Correct, but when you enter 1-2 weeks before expiration, your profit zone is also narrower. Take a look at the two examples. In the first example, the breakeven points are only 2-3% away. In the second example, your breakeven points are 8-9% away. When you use the same deltas, your probability to go ITM is similar in both cases.

Share this comment


Link to comment
Share on other sites

What is better: 14% in 7 days or 23% in 56 days?

 

Assuming enough occurrences,Probability  and theoretical payoff wise  it would always be more profitable  to choose the shorter duration despite your caveats about gamma.

 

The real killer is the 800%   commission cost for the weekly strategy. Even if you do outperform the equivalent 56 day strategy, you might ponder if  you're not just assuming all the risks and handing all the  theoretical profits over to your broker. 

Share this comment


Link to comment
Share on other sites

Even if this is true (which I'm not sure), the real problem is the drawdowns. With weekly options, occasional 50% losses is inevitable due to high negative gamma. And if you make 5%/week 10 weeks and then lose 50%, you are not back to even. You are down 20%. This assuming that 50% loss came after ten 5% winners. What if it comes after two winners?

 

Due to significantly higher potential loss, you should allocate much smaller position to weekly trades, which means that total return will be lower even if the average return is higher over time.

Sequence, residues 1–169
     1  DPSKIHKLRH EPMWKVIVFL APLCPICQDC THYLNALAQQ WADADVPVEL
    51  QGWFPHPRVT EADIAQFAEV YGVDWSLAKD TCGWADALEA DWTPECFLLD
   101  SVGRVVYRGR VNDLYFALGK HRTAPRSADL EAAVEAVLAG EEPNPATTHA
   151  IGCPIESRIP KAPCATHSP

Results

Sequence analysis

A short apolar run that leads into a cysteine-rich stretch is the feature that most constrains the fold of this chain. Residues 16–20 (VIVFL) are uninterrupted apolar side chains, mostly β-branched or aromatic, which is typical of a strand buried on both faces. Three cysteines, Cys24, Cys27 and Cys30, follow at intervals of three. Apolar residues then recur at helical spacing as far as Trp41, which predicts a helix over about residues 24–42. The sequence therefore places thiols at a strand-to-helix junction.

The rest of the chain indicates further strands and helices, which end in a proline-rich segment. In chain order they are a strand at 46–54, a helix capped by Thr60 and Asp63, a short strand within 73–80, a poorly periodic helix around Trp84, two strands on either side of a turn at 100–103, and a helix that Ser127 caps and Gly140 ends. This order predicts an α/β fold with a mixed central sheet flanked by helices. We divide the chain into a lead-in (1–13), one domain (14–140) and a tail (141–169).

There is always tradeoff between risk and reward. Higher reward = higher potential risk = smaller allocation = smaller total return. 

Share this comment


Link to comment
Share on other sites

Working to come up to speed ...

1) Would you consider something like selling a vertical put spread gamma negative?  Or is that then direction dependent, i.e. you're "happy" (friend) if the underlying goes up, and "sad" (enemy) if it goes down.  So are you referring to when you don't want the underlying to change at all, or in this bull put spread case also?

2) Is an iron condor (initial setup) always vega negative -- because the strikes closer to the money, that one sells, grow faster with a volatility increase than the strikes that one buys (further from the money)?

Edited by Rado

Share this comment


Link to comment
Share on other sites


Create an account or sign in to comment

You need to be a member in order to leave a comment

Create an account

Sign up for a new account. It's easy and free!


Register a new account

Sign in

Already have an account? Sign in here.


Sign In Now

Options Trading Blogs Expertido